Irrigation challenges highlighted in 2012

After a couple of challenging wet seasons, the spring of 2012 looked like it was off to a good start.

Dry, workable soils led to one of the earliest planting completions in the history of the potato business in Manitoba, and growers were looking forward to a successful season.

However, that planting season was only made possible by a dry fall, and lower-than-average snowfall that winter, Keystone Potato Producers Association extension agronomist Andrew Ronald told growers at the 2013 Manitoba Potato Production days.

It set up a challenging irrigation season, with growers fighting to keep up with water demand as dry conditions and blazing heat took water away from the fields.

“Twenty inches of rainfall equivalent was lost to evapo-transpiration, compared to 13-14 inches the previous year,” Ronald told growers. “This wasn’t a year you had a chance to catch up.”

John Goff, of Corduroy Plains Farm near Carman, said it was a season to open the taps and keep them running — something that was a bit of a challenge when you’ve got 13 circles and only 10 pivots.

“That was definitely a challenge, but we got pretty good at it,” he said with a chuckle. “We had it down to an hour and 45 minutes from turning the water off to turning the water on.”

Ronald said that as growers struggled to get enough water onto their crops, the heat really got turned up. Too high, actually. In the first half of July, about two-thirds of the daily highs were above 30 C, and even into August temperatures remained unseasonably high.

“Potatoes are no corn crop,” Ronald said. “They prefer to not be always under the heat lamp.”

That’s why heat units — which were about 250 units above normal for the season — are such a poor measure for potato growth, since the crop grows best when temperatures are between 7 and 30 C.

“We had all the wrong kind of heat — the extreme heat,” Ronald said.

It also fell at the wrong time of year, during the tuber set and initiation stage, then continuing on through the tuber bulking period. It definitely had an impact on the potatoes coming out of the field this past fall.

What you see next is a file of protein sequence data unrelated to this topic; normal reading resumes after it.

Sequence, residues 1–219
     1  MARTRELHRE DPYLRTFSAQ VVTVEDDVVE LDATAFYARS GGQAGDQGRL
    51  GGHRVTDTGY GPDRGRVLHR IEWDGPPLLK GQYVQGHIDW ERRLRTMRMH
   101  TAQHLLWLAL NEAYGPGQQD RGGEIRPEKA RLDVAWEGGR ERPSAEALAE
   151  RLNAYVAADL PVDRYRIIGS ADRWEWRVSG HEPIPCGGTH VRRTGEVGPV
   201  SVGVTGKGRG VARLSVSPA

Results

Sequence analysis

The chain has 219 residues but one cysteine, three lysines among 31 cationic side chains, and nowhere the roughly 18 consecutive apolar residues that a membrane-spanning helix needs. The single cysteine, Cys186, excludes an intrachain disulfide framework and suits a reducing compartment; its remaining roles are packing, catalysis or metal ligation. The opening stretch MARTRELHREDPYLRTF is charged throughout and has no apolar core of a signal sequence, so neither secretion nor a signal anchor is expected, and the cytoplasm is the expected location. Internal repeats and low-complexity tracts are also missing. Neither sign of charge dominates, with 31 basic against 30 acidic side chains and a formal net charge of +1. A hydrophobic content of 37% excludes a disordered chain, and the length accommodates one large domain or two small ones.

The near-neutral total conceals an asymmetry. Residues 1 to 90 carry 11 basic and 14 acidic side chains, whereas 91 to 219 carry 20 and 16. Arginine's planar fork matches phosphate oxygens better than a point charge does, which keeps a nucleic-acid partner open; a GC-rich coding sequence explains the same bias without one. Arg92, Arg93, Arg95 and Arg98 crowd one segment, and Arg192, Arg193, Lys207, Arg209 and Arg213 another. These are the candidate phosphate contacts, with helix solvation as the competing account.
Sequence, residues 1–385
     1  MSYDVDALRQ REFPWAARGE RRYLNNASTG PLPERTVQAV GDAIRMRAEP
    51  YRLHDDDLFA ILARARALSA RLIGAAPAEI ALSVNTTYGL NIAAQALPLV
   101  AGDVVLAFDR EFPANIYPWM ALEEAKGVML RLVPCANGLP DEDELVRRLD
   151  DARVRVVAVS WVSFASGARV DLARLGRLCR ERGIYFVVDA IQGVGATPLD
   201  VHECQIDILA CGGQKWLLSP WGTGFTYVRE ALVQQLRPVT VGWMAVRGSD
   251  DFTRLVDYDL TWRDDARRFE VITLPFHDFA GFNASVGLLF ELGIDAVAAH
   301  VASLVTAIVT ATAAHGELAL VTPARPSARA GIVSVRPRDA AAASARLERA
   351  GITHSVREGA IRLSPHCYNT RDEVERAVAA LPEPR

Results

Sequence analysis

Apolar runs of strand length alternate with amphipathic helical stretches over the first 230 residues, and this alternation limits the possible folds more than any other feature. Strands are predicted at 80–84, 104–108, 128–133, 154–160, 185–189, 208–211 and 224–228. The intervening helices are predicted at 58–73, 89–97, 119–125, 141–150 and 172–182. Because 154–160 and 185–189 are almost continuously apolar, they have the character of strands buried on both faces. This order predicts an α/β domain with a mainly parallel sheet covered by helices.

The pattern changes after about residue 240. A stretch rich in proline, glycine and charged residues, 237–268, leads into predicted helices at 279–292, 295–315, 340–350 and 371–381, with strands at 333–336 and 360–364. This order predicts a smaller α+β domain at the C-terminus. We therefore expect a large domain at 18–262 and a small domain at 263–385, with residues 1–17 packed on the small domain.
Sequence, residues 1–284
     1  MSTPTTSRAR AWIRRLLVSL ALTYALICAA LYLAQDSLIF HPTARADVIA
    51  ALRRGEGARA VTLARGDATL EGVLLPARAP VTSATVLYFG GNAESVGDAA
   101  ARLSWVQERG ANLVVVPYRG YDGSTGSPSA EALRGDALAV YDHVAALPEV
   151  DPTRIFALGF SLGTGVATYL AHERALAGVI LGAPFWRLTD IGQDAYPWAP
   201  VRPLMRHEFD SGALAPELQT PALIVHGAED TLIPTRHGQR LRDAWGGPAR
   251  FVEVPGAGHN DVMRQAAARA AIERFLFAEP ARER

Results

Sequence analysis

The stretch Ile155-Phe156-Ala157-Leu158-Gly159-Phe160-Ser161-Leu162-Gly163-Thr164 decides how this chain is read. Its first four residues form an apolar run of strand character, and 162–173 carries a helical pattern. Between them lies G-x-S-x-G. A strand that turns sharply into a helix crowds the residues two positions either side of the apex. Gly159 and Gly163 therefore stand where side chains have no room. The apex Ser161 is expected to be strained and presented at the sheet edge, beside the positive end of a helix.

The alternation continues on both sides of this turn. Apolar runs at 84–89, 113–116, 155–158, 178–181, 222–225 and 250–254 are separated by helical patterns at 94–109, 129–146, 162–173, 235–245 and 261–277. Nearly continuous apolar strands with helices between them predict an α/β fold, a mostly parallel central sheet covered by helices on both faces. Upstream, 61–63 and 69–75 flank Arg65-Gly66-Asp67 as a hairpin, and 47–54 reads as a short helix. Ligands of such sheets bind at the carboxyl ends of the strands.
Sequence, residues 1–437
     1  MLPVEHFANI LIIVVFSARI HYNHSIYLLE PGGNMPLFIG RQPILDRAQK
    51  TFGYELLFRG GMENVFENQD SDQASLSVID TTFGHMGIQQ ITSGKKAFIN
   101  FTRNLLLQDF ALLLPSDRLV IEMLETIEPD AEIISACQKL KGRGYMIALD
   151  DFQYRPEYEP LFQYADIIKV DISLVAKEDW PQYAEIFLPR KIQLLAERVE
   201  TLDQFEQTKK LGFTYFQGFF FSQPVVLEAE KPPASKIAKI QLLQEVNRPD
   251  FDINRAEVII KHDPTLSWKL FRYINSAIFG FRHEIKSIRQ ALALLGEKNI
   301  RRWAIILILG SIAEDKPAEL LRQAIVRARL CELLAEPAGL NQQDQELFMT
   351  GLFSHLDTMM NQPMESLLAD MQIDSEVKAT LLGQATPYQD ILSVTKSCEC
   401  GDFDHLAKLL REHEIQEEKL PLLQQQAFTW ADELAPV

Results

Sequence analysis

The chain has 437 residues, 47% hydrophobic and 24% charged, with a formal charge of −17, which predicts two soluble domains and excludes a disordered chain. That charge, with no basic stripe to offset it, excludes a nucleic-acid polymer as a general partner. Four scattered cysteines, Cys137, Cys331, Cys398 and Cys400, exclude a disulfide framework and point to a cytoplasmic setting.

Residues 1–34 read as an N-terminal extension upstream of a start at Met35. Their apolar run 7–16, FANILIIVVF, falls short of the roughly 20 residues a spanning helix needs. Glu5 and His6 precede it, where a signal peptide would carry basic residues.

“The tubers, especially the Russet Burbank, were longer and skinnier — those more stressed shapes,” Ronald said.

Growers grappled with water constraints. Growers relying on retention ponds for irrigation were disappointed by the limited snowfall, which mean limited water during the growing season.

Wayne Derkson, of Hespler Farms near Winkler, shares a reservoir co-owned with neighbouring growers and operated in season by a hired manager. It has a capacity of 450 acre-feet.

“In 2012, we just ran out of water,” Derksen said. “I would have loved to do at least one more inch.”

Back in Carman, John Goff was able to irrigate most of his fields all year, since he only has one reservoir system, with the rest of the water coming from the Boyne River. And while there was some nervous chatter about limiting flows from the Lake Stephenfield reservoir, the 10-cubic-foot-per-second flow was largely unaltered all season and he and other irrigators on the river worked together to ensure adequate water supply.

“It’s a great group of guys on the river, and I think we work together really well,” Goff said. “We didn’t shut the water off from the end of June.”

Andrew Ronald said the quality question essentially boiled down to who had the capacity and systems in place. Where growers put the water on early, and weren’t forced to shut down early because of supply constraints, the crop was good quality.

“There were lots of Russet Burbank where we were able to do what we needed to with water,” he said.

It has made for some storage challenges, though, with plenty of examples of jelly end rot, stem end rot, low solids and high sugars.

There were also more runners and sprouts than usual, which limited tuber set and affected yield, as well as tuber chaining which sees small, secondary potatoes form beyond the primary tuber and compete for resources and limit bulking.

Gary Sloik, KPPA manager, recently wrote in the Spudsmart publication that the marked quality and yield differences is likely to cause growers to shift their irrigation and drainage focus a bit.

“As producers’ thoughts have strayed towards drainage and tile drainage during the past few winters, we fully expect increased irrigation will be a major focus for the winter of 2012-13,” he wrote.

About the author


Gord Gilmour

Gord Gilmour is Editor of the Manitoba Co-operator.



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